Cite This Page:

BMJ-British Medical Journal. "Reduction in air pollution from wood stoves associated with significantly reduced risk of death." ScienceDaily. ScienceDaily, 8 January 2013. <www.sciencedaily.com/releases/2013/01/130108201649.htm>.
BMJ-British Medical Journal. (2013, January 8). Reduction in air pollution from wood stoves associated with significantly reduced risk of death. ScienceDaily. Retrieved October 25, 2014 from www.sciencedaily.com/releases/2013/01/130108201649.htm
BMJ-British Medical Journal. "Reduction in air pollution from wood stoves associated with significantly reduced risk of death." ScienceDaily. www.sciencedaily.com/releases/2013/01/130108201649.htm (accessed October 25, 2014).

Share This



More Science & Society News

Saturday, October 25, 2014

Featured Research

from universities, journals, and other organizations


Featured Videos

from AP, Reuters, AFP, and other news services

Texas Nurse Nina Pham Cured of Ebola

Texas Nurse Nina Pham Cured of Ebola

AFP (Oct. 25, 2014) An American nurse who contracted Ebola while caring for a Liberian patient in Texas has been declared free of the virus and will leave the hospital. Duration: 01:01 Video provided by AFP
Powered by NewsLook.com
Ebola Protective Suits Being Made in China

Ebola Protective Suits Being Made in China

AFP (Oct. 24, 2014) A factory in China is busy making Ebola protective suits for healthcare workers and others fighting the spread of the virus. Duration: 00:38 Video provided by AFP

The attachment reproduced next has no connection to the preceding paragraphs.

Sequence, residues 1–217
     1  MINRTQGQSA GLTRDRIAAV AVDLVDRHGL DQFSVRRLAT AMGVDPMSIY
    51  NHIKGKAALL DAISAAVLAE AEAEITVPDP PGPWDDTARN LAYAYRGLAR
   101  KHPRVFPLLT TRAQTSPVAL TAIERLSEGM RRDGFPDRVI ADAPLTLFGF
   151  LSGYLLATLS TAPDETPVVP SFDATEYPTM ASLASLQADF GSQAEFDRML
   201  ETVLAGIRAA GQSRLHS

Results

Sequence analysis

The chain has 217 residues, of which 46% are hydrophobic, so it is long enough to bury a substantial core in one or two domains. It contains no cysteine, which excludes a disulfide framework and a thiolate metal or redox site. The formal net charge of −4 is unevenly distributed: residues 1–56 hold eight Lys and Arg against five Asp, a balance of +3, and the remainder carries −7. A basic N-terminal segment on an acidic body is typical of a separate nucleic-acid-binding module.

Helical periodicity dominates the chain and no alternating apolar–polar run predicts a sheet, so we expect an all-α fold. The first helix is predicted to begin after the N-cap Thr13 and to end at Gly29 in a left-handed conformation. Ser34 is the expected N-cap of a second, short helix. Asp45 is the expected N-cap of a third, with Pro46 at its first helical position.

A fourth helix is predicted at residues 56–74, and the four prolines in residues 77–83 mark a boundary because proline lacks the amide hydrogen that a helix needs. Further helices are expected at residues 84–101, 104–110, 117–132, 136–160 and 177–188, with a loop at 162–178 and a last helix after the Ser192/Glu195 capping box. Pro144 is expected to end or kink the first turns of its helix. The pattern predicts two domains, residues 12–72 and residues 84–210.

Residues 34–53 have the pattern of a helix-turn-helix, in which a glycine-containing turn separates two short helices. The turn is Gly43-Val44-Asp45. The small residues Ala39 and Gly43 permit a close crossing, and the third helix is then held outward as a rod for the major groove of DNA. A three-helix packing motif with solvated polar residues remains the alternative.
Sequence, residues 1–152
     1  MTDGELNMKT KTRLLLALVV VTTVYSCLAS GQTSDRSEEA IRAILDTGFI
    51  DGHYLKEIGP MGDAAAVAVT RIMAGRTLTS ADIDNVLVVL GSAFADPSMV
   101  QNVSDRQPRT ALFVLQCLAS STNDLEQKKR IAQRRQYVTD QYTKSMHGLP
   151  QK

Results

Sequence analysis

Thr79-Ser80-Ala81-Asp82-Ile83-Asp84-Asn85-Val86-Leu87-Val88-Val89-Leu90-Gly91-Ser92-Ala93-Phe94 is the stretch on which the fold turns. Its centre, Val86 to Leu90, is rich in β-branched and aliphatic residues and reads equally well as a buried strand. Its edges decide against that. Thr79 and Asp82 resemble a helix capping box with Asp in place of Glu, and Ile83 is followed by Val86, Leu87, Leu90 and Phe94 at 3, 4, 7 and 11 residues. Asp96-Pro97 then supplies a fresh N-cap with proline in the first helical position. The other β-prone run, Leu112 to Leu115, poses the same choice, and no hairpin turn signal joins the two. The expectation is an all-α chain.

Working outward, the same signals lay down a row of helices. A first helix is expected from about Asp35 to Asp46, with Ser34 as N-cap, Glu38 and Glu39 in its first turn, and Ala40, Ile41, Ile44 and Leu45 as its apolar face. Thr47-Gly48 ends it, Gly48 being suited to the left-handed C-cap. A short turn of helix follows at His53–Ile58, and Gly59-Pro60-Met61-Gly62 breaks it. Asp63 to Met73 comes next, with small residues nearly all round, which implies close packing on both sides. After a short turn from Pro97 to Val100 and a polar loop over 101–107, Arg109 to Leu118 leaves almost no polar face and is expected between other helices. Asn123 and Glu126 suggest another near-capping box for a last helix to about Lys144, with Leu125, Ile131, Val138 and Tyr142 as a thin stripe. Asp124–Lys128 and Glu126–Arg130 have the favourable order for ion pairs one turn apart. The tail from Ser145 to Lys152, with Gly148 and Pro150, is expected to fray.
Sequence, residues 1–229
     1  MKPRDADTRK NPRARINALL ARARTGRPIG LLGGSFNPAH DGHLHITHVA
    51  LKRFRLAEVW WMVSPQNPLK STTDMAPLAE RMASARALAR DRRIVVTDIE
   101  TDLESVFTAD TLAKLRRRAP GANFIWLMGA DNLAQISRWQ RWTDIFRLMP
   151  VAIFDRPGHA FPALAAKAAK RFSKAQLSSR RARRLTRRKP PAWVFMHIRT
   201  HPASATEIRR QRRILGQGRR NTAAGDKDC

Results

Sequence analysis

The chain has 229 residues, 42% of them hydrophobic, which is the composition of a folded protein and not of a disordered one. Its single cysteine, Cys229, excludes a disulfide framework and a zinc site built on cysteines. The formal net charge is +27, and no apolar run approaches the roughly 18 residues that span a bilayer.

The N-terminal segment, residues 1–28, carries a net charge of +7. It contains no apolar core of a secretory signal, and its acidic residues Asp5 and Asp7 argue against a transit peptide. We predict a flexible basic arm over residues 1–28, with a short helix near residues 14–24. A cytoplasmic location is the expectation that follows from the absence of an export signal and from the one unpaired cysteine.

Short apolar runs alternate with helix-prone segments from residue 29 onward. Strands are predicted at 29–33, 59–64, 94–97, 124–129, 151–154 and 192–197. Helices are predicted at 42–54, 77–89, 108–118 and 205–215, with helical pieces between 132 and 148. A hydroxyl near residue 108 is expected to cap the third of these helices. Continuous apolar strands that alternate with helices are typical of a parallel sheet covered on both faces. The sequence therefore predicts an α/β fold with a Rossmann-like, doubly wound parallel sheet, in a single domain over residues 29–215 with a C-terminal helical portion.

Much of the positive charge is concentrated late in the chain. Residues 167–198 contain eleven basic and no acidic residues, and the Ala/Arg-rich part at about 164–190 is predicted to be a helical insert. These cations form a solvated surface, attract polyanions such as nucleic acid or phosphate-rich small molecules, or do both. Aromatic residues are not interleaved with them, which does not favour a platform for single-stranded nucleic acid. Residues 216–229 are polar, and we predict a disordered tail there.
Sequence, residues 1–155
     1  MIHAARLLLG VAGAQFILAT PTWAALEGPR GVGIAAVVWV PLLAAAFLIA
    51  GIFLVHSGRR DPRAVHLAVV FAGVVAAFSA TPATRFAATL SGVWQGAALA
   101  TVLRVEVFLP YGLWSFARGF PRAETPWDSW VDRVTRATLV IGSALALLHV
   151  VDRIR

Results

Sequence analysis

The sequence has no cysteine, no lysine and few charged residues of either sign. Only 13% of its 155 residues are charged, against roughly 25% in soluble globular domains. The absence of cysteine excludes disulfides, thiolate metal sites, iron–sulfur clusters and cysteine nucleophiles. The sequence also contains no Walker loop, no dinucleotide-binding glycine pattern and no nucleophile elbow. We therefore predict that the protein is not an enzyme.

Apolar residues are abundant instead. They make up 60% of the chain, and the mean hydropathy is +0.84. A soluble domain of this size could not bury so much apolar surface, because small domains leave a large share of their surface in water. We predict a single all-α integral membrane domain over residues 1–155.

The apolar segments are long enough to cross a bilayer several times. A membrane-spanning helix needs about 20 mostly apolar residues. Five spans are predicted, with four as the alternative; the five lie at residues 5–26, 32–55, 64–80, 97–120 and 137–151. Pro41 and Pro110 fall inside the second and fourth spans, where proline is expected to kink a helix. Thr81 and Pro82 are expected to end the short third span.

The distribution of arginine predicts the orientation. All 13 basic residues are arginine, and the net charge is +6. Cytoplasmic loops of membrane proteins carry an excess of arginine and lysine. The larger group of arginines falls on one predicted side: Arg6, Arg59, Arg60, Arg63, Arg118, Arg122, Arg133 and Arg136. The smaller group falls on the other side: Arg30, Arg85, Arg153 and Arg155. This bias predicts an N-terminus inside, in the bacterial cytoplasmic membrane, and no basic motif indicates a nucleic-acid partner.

Powered by NewsLook.com
WHO: Millions of Ebola Vaccine Doses by 2015

WHO: Millions of Ebola Vaccine Doses by 2015

AP (Oct. 24, 2014) The World Health Organization said on Friday that millions of doses of two experimental Ebola vaccines could be ready for use in 2015 and five more experimental vaccines would start being tested in March. (Oct. 24) Video provided by AP
Powered by NewsLook.com
Microsoft Riding High On Strong Surface, Cloud Performance

Microsoft Riding High On Strong Surface, Cloud Performance

Newsy (Oct. 24, 2014) Microsoft's Q3 earnings showed its tablets and cloud services are really hitting their stride. Video provided by Newsy
Powered by NewsLook.com

Search ScienceDaily

Number of stories in archives: 140,361

Find with keyword(s):
Enter a keyword or phrase to search ScienceDaily for related topics and research stories.

Save/Print:
Share:

Breaking News:

Strange & Offbeat Stories


Science & Society

Business & Industry

Education & Learning

In Other News

... from NewsDaily.com

Science News

Health News

Environment News

Technology News



Save/Print:
Share:

Free Subscriptions


Get the latest science news with ScienceDaily's free email newsletters, updated daily and weekly. Or view hourly updated newsfeeds in your RSS reader:

Get Social & Mobile


Keep up to date with the latest news from ScienceDaily via social networks and mobile apps:

Have Feedback?


Tell us what you think of ScienceDaily -- we welcome both positive and negative comments. Have any problems using the site? Questions?
Mobile: iPhone Android Web
Follow: Facebook Twitter Google+
Subscribe: RSS Feeds Email Newsletters
Latest Headlines Health & Medicine Mind & Brain Space & Time Matter & Energy Computers & Math Plants & Animals Earth & Climate Fossils & Ruins